The much-maligned people of Punjab may well be heading towards their hour of cathartic reckoning — and I am not even referring to the elections due in February next year. The issue that has brought the state and its people, especially its youth, horrific disrepute relates to drugs and the level to which they are — or are not — addicted to it.
And the man who has dared to force the moment to a final showdown is ironically the man who has been on the receiving end of reckless vilification on the drugs issue: Bikram Singh Majithia, the state’s young and towering revenue minister and brother-in-law of the Deputy Chief Minister Sukhbir Singh Badal.
A magisterial court in Amritsar is hearing a defamation suit on the drugs issue filed by Majithia against the Aam Aadmi Party’s supremo and master acrobat, Arvind Kejriwal. At the core of the case is the very theme that forms the core of the entire Congress-AAP campaign against the government in Punjab: the alleged prevalence of drugs among Punjab’s youth, famed for their robust physical prowess and machismo.
In a nutshell, Majithia has dared Kejriwal to repeat even once in court any of the allegations which the Delhi Chief Minister and his swarm of capped cheerleaders have been throwing at Majithia: that the Punjab minister deals in drugs. More importantly, Majithia is demanding a day-to-day hearing of the case, demonstrating confidence in proving his innocence.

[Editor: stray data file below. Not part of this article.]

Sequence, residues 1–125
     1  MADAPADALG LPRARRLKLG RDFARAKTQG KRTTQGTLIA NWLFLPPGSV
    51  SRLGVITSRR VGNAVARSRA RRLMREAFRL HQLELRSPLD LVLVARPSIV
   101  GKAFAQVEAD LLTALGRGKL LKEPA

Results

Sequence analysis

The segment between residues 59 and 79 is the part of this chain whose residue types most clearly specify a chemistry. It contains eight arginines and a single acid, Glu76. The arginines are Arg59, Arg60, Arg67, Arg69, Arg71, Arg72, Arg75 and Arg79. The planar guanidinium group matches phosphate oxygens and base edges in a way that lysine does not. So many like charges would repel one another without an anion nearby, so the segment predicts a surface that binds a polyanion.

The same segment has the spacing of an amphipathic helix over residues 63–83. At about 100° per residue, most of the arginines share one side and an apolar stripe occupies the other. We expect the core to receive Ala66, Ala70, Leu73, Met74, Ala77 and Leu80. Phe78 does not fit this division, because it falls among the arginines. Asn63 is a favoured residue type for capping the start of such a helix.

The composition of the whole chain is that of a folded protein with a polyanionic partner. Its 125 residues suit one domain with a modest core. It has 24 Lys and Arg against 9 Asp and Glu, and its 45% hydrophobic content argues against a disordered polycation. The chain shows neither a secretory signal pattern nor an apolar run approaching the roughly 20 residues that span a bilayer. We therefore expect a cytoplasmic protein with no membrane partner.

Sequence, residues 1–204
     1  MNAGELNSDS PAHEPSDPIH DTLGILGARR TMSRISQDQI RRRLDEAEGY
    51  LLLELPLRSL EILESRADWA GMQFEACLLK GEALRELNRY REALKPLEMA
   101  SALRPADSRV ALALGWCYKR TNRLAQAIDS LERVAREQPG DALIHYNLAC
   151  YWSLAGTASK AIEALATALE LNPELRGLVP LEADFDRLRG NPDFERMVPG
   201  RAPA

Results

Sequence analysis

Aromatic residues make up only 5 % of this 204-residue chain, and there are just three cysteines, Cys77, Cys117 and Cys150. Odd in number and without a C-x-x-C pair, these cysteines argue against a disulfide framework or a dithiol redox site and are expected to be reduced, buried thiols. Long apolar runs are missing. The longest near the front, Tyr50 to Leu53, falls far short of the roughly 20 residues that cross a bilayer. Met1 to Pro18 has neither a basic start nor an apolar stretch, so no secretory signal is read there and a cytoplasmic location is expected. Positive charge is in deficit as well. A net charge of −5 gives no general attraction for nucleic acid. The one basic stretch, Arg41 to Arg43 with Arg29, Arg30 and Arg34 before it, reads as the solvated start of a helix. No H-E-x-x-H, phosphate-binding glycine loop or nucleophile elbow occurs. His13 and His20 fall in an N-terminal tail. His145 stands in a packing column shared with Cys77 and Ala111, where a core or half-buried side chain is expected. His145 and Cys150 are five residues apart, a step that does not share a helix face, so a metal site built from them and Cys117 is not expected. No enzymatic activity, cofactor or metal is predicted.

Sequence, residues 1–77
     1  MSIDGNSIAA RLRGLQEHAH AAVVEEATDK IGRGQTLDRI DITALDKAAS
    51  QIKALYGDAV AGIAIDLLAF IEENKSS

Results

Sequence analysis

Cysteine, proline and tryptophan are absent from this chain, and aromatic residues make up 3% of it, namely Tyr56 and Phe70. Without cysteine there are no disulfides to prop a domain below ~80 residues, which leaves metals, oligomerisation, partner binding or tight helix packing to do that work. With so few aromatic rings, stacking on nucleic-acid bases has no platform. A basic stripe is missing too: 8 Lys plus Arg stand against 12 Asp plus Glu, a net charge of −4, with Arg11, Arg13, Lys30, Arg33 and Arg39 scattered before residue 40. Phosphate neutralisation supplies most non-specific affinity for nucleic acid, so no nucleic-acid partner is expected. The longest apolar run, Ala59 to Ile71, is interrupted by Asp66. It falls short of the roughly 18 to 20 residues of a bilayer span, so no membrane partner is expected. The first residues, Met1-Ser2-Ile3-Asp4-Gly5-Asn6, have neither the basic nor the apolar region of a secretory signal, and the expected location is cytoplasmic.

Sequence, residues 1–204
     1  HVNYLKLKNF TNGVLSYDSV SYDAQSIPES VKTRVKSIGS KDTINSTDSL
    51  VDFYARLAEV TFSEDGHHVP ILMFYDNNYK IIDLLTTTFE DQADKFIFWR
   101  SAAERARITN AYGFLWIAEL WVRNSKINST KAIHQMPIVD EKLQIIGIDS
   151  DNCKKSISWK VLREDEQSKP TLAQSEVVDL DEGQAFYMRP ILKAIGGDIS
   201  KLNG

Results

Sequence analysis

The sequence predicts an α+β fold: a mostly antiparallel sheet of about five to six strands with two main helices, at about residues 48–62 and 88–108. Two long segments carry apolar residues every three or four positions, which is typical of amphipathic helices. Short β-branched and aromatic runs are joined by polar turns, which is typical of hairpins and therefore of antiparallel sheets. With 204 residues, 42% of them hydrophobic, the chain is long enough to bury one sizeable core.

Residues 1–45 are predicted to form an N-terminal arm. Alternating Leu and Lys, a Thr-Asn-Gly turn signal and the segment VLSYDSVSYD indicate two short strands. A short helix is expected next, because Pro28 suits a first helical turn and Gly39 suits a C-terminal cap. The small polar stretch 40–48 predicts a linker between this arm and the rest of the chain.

The case promises to be a game- changer, with Kejriwal reduced from principal accuser to the main accused.
Ironically, the only basis of these allegations is a statement to the media by one of the most dreaded drug lords in the state: Jasbir Singh Bhola. Even more ironically, it is the Shiromani Akali Dal (SAD) government, with Sukhbir Singh Badal as Home Minister, that has dared to nab Bhola and throw him firmly behind bars.
The Opposition wants everyone to believe Bhola’s statement as gospel truth. “Bhola accusing me of drug trade is like Nathuram Godse accusing Nehru of a plot to kill Mahatma Gandhi. Will a government with links to a drug don have the courage to arrest that don and risk disclosures against it? Obviously, Bhola was not supposed to garland
me for putting him behind bars,” says a fuming Majithia.